A dinner at a traditional Viennese restaurant on Sunday evening gave us the opportunity to meet some of our fellow-Early Stage Researchers (ESRs) and their supervisors within the ALLODD consortium in an informal setting. On Monday morning, the workshop started off with a session during which we were introduced to the other workshop participants and were provided with information on the ALLODD consortium, the Project Handbook and the Career Development Plan. The introductory session was followed by a lecture on Open Science by Gareth O’Neill. Principles of Open Science, open access publishing as well as Open-and Findable-Accessible-Interoperable-Reusable (FAIR) Data were introduced. The session fostered a lively discussion on the risks of Open Science in light of ever-more powerful artificial intelligence (AI) tools. Following a team-building exercise and the lunch break, the ESRs participated in a workshop to develop our communication and presentation skills. Of particular interest to me was a section on nonviolent communication, which aims at communicating one’s perceptions and needs with empathy and without any prejudice on other people’s intents. In the evening, the group did a walking tour in Vienna’s city center, presenting some of the most important historic sites such as the Hofburg and the Stephans dom.
Day 2 started off with a workshop on Research Integrity and Ethics. However, due to time constraints, we only superficially touched upon the topic of Ethics and focused on Integrity aspects. Here, I much appreciated our discussions on the “gray zone” between scientific misconduct and “sloppy” science. Based on case studies, we elaborated strategies how to confront situations in which we might be tempted to engage in questionable research practices. In the afternoon, ESRs and supervisors gathered to attend a workshop on work-life balance. This workshop was highly interactive. It was valuable to share experiences and to hear even from senior participants that they occasionally struggle with some of the insecurities that we face as young researchers. Amongst others, the workshop aimed at recognizing negative thought spirals and unhealthy coping mechanisms, and to give us strategies at hand that can be used to disrupt these loops.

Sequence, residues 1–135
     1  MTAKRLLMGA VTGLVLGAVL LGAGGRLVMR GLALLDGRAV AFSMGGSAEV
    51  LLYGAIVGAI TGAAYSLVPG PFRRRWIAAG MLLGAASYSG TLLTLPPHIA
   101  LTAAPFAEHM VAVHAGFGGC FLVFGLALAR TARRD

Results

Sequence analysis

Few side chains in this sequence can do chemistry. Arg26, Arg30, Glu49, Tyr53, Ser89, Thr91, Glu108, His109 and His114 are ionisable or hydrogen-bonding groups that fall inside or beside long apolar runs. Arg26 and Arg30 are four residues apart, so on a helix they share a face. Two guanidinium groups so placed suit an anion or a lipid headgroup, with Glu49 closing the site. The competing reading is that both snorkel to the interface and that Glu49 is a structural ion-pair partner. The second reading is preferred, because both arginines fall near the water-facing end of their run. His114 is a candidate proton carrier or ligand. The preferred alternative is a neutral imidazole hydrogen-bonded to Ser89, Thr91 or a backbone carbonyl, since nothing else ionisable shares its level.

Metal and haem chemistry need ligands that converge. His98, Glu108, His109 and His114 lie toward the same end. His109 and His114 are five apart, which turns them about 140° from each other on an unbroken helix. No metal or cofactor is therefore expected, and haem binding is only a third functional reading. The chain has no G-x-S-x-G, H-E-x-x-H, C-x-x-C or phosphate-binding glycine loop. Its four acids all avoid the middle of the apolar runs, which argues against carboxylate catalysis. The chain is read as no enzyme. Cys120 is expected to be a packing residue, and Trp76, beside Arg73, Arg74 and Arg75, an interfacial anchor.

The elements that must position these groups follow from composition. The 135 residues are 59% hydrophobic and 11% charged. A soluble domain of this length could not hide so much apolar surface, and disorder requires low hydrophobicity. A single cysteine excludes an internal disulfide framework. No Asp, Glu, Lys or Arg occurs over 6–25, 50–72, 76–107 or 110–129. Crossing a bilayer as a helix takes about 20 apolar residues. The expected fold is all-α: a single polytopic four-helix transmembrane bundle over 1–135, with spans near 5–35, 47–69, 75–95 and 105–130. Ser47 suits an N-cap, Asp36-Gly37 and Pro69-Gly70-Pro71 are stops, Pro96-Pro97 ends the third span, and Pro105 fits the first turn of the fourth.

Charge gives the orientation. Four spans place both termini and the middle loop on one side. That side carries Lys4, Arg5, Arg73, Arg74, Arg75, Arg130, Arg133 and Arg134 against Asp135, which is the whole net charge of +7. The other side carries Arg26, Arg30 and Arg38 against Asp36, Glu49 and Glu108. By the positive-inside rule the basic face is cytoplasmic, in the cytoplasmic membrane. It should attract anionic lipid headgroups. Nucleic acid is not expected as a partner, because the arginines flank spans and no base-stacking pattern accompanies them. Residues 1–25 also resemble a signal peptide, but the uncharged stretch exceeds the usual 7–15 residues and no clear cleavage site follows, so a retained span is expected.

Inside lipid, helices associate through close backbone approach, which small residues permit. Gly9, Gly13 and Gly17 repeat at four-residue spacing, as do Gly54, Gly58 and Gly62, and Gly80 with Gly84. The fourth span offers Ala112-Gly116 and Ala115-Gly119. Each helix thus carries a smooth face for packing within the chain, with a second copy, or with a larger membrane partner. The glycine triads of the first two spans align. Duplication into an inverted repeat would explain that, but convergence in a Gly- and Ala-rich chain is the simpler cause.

The final day of the meeting began with a course on scientific writing. Extending beyond the issue of writing, the course also covered topics such as navigating and managing scientific literature. A main takeaway for me from this course was the order in which to read sections in scientific articles. We were recommended to begin with the abstract and then move on to the conclusions section to find out whether an article indeed answers the question posed. Another advice given during the workshop was to have someone else readout loud drafts for publications and reports that one has written to assess the clarity of the writing. After lunch, Sharon Bryant from Inte:Ligand gave an impulse lecture on scientific innovation with emphasis on the life science sector. According to her, the most striking innovations within the healthcare economy during the past years were biotechnological advances such as the CAR-T cell therapy. I was slightly disappointed not having discussed critically to which extent more conventional approaches such as small molecule drugs might or might not be considered innovative. The workshop was concluded with a discussion on career perspectives outside of science. Although the choice of a career path seems to lay far in the future for us now, it was insightful to hear about and discuss which skills that we acquire during our PhD training are sought after in other sectors apart from research such as finance, journalism and policy making.